Well, duh. Twin Peaks has always been a place that has existed—but in the mind. Like the Red Room, it’s a world that existed on another plane of existence that lives somewhere between the subconscious in dreams. And personally, it’s my favorite destination. —Hillary Weston
Watch: The essential documentaries on David Lynch, including Pretty as a Picture: The Art of David Lynch (1997), David Lynch: Don’t Look at Me (1989), Lynch (2007), Mysteries of Love (2002), Eraserhead Stories (2001), Jonathan Ross Presents for One Week Only: David Lynch (1990), David Lynch presents: Ruth, Roses and Revolver (BBC Arena 1987), Scene by Scene: David Lynch (BBC, 1999), and David Lynch Interview (The GUARDIAN Lectures 1985).
- David Lynch Interviews
- Mike Figgis interviewing David Lynch about his working process and approach to ideas and filmmaking
- ‘When David Lynch met George Lucas’ as told by David Lynch
- On the set of The Elephant Man
- Sean Young’s mini-documentary on the set of Lynch’s Dune
- Lynch on Stanley Kubrick. He tells an interesting story of Kubrick’s favorite film
- Angelo Badalamenti describes how he came up with the theme for Twin Peaks, while Lynch was sitting beside him. I guess this says it all — so great
- In this rare documentary, Lynch talks about the making of his first feature film, Eraserhead
- The Twin Peaks Tapes of Agent Cooper
- Making of The Straight Story images with Lynch´s comments from Cahiers du Cinéma No. 540
Young David Lynch on New Wave Theatre.
A young David Lynch makes a brief appearance on New Wave Theatre sometime in the early 1980s. New Wave Theatre‘s host, Peter Ivers, wrote Eraserhead‘s “In Heaven,” the number sung by the “Lady in the Radiator,” for Lynch in 1976. Ivers was found bludgeoned to death in his Los Angeles apartment in 1983 and his death remains unsolved.
Mike Figgis interviewing David Lynch about his working process and approach to ideas and filmmaking. Featured at Inland Empire DVD. 2007.
Day at Night: Vincent Price, actor and horror star. The series features fascinating interviews with notable cultural and political figures conducted in the mid 1970’s. (Taped:04/25/74)
One of the strangest, but most beautiful, collaborations between Lynch & Badalamenti. Industrial Symphony No. 1: The Dream of the Broken Hearted is a short, avant-garde musical play directed by David Lynch, with music by Angelo Badalamenti and Julee Cruise and starring Nicolas Cage and Laura Dern.
Angelo Badalamenti describes how he came up with the theme for Twin Peaks, while David Lynch was sitting beside him. I guess this says it all — so great.
David Lynch: ‘Ideas flow through like these beautiful little fish, and you catch them.’
In this clips, director David Lynch discusses the concept of “ideas” like seeds, catching them when they come to him and staying true to them.
Happy Birthday, David Lynch!
David Lynch / Roy Orbison
Lynch reactivated Roy Orbison’s career and produced Orbison’s Best Of album “In dreams”, which paved him the way into the Rock ‘n’ Roll Hall of Fame:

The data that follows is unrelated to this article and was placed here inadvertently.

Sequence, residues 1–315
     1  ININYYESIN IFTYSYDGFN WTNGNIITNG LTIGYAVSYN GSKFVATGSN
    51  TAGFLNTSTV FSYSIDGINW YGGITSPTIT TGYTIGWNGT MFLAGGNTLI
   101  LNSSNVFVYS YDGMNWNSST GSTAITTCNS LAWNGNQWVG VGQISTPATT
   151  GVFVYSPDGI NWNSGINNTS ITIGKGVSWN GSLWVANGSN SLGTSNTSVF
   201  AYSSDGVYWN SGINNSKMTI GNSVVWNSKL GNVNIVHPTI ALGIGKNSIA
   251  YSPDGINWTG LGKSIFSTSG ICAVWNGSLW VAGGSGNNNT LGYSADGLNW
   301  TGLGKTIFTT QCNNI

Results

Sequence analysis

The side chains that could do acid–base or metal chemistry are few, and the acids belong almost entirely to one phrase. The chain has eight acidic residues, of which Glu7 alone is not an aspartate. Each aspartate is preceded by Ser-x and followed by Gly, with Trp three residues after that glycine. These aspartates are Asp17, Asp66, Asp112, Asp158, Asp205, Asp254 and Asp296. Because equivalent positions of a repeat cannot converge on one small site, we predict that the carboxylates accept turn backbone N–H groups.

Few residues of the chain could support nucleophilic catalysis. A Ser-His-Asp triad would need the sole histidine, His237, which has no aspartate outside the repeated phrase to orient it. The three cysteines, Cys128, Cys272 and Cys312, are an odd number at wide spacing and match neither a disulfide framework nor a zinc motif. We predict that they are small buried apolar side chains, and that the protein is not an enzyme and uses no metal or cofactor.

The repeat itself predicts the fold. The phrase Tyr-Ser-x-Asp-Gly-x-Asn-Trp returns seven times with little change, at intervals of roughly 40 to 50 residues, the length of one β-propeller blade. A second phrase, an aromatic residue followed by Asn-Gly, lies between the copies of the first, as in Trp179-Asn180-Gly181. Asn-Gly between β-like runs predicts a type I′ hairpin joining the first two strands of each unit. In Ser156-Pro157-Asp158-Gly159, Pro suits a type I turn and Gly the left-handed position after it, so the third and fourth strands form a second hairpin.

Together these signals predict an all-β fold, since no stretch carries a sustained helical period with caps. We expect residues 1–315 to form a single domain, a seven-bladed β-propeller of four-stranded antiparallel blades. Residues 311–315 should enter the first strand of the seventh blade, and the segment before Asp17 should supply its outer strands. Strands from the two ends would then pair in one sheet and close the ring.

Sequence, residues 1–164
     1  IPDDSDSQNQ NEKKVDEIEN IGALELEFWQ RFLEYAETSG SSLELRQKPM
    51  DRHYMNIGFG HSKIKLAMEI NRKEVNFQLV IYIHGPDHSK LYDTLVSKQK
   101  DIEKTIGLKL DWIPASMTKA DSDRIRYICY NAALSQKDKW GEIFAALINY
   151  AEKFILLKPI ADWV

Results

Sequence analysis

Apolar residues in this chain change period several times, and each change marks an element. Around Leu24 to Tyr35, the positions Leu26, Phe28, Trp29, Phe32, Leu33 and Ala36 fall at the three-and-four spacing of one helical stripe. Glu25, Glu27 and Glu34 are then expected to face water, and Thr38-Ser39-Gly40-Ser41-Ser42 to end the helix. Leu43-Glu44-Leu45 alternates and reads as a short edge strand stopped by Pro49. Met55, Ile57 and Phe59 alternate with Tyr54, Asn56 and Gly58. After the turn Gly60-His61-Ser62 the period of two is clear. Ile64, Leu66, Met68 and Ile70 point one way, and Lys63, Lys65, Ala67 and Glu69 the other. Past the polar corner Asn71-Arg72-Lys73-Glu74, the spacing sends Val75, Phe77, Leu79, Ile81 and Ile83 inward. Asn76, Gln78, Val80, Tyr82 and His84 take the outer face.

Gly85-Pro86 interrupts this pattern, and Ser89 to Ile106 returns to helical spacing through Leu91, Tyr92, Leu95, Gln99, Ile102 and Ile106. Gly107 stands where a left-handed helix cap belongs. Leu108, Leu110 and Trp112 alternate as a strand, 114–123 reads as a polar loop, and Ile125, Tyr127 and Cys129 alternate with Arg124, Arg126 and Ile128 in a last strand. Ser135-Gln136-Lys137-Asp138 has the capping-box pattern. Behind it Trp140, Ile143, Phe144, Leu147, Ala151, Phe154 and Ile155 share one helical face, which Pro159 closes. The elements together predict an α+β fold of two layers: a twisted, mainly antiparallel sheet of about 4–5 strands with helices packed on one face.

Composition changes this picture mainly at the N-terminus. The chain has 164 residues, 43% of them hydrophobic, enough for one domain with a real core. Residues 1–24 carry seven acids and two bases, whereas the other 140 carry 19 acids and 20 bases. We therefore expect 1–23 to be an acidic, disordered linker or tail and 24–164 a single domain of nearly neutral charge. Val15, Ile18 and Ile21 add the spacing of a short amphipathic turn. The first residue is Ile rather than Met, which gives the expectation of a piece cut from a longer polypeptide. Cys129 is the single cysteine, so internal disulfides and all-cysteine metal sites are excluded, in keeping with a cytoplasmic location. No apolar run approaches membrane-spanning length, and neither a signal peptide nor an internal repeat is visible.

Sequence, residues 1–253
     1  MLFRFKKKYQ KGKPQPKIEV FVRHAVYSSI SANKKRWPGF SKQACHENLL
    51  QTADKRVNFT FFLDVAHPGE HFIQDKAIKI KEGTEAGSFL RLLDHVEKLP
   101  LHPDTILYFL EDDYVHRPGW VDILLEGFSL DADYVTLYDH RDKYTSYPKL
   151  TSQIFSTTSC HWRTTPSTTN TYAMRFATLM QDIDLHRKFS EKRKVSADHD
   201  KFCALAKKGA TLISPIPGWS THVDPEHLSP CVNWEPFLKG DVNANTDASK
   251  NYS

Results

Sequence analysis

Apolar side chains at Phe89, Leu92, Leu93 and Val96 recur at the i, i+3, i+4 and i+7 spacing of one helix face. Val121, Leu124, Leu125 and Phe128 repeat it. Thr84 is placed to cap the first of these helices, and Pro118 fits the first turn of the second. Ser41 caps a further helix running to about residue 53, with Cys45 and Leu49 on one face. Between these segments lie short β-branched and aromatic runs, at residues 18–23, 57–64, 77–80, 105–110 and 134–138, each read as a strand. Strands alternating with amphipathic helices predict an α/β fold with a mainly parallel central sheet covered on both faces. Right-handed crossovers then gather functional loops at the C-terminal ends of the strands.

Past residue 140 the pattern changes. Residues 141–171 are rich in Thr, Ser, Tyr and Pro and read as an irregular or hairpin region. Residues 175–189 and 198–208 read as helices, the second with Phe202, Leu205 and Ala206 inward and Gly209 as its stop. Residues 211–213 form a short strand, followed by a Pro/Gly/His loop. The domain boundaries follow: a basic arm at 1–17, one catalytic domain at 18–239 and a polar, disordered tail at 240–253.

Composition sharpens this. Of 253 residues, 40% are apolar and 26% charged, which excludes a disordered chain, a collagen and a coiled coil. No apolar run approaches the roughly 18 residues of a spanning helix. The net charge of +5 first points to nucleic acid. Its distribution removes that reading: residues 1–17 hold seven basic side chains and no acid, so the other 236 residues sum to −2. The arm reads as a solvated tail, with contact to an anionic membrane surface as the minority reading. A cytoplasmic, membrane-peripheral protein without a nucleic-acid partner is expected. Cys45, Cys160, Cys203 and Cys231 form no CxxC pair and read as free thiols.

12. Re-recorded Hits and “In Dreams”
QUESTION: What made you decide to re-record your greatest hits almost twenty years after their first release?
ANSWER: We were trying to duplicate “In Dreams”. What happened was the Monument masters, all of the old originals, were in Bankruptcy Court and we had no product out, so I decided to re-record them just so that they would be available. We were trying to recapture the exact sound. However, when we got to, when I signed with Virgin Records they wanted to call the album “In Dreams”. David Lynch had put “In Dreams” in the film “Blue Velvet.” We called David to see if he would let us use part of the film for the video and he said ‘Well, let me hear the re-recording’. He heard it and he said ‘Well I think we can do better’. So we went back in and re-recorded again and we did it live. T-Bone Burnett was the producer and David Lynch was the Director of the record. That’s the first time I had ever been directed on a record but he was great; he did a wonderful job. We recorded that live as I did the first one. There was no over-dubbing. We were all there the one time and made a few passes and then recorded it. In that sense it is live and it is me some years later still trying to be faithful to it. The arrangement is about the same.
At the occasion of a Roy Orbison memorial night, Dean ‘Ben’ Stockwell lip synced in Dreams with a lamp like he did in Blue Velvet.
Roy Orbison performs “Oh, Pretty Woman” as the finale of the Black & White Night Concert.
In celebration, watch the essential documentaries on David Lynch, including Pretty as a Picture: The Art of David Lynch (1997), David Lynch: Don’t Look at Me (1989), Lynch (2007), Mysteries of Love (2002), Eraserhead Stories (2001), Jonathan Ross Presents for One Week Only: David Lynch (1990), David Lynch presents: Ruth, Roses and Revolver (BBC Arena 1987), Scene by Scene: David Lynch (BBC, 1999), and David Lynch Interview (The GUARDIAN Lectures 1985).
More: David Lynch
Yay! David Lynch drilling, sawing, painting, swearing, smoking, etc.